NFWF Announces 9 Large Watershed Planning Grants Totaling $53 Million for California National Forests

Los Padres National Forest

San Francisco (June 24, 2024) – Today the National Fish and Wildlife Foundation (NFWF) announced $53 million in grants to protect and restore forests and watersheds in California using voluntary, targeted headwater resilience planning and monitoring. The grants leverage $31.4 million in matching contributions, for a total conservation impact of $84.4 million.

The awards were made possible by a first-of-its-kind agreement between the USDA Forest Service and NFWF. This effort pools multiple funding sources from public and private organizations to meet the level needed for effective landscape-scale projects to tackle California’s wildfire crisis

“Our partnership with the National Fish and Wildlife Foundation helps us mutually support communities throughout California. Combining our resources, we can use the best available science and monitoring to protect our vital watersheds,” said Jennifer Eberlien, regional forester for the Pacific Southwest Region. “These investments help ensure future generations have healthy, productive forests and help the region combat the effects of climate change.”

In California, 12 of the state’s largest 20 wildfires occurred within the last 10 years. The threat of unnatural, high-intensity wildfire has increased due to decades of fire suppression, droughts, insect infestations, and challenges from more homes in the wildland urban interface. This partnership is designed to help restore Forest Service-managed lands affected by wildfire and develop tools and data to guide restoration against future fires and drought. 

“This innovative agreement showcases the potential of large-scale projects to enhance resilience across the millions of acres of national forests throughout California,” said Jeff Trandahl, executive director and CEO of NFWF. “By funding larger scale projects with more federal, state and private funding, NFWF can enable on-the-ground partner’s ability to take on more impactful fuels management, post-fire restoration, and forest health projects that improve habitat and community.”   

Projects supported by these nine grants are designed to improve forest health and watersheds by increasing the pace and scale of post-fire restoration. These efforts focus on improving forest health and resilience, providing sustainable ecological benefits, protecting communities in and around federally protected public lands, and encouraging shared stewardship of Forest Service lands through expanded partnerships and cooperation.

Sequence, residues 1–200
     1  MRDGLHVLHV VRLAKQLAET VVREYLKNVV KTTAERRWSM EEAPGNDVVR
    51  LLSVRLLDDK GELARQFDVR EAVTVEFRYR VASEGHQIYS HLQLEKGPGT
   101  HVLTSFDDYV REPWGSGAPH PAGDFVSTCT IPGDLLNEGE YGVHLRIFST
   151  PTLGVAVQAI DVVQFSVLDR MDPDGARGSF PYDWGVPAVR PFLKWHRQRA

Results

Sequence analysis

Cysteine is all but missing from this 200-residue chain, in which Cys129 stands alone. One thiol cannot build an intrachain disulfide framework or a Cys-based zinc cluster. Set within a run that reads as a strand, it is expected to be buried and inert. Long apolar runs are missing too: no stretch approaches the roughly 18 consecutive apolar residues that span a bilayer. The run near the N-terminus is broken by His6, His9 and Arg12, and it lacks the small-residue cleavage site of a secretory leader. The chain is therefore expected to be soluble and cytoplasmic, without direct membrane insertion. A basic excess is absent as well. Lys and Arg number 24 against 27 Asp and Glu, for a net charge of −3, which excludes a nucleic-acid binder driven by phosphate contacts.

“NFWF is leading the way in aligning federal, state, and local funding to restore our highest priority forests and watersheds,” said Patrick Wright, Director of the Governor’s Wildfire and Forest Resilience Task Force. “These funding partnerships are essential to support landscape-scale projects beyond the capacity of each agency.” 

Launched in 2018, the California Forests and Watersheds program supports the improvement, protection and rehabilitation of ecosystems and watersheds within the National Forest System lands impacted by fire-scarred watersheds and funds meadow restoration throughout the Sierra Nevada meadows range.

Visit the California Forests and Watersheds program webpage for a list of the 2024 grants.    

About the National Fish and Wildlife Foundation
Chartered by Congress in 1984, the National Fish and Wildlife Foundation (NFWF) protects and restores the nation’s fish, wildlife, plants and habitats. Working with federal, corporate, foundation and individual partners, NFWF has funded more than 6,800 organizations and generated a total conservation impact of more than $10 billion. NFWF is an equal opportunity provider. Learn more at  

About the USDA Forest Service – Pacific Southwest Region
The Forest Service manages 18 national forests in the Pacific Southwest Region, encompassing over 20 million acres across California, and assists state, private and tribal forest landowners in California, Hawai'i, and U.S.-Affiliated Pacific Islands. National forests supply 60% of the water in California and form the watershed of most major aqueducts and more than 2,400 reservoirs throughout the state. For more information, visit  



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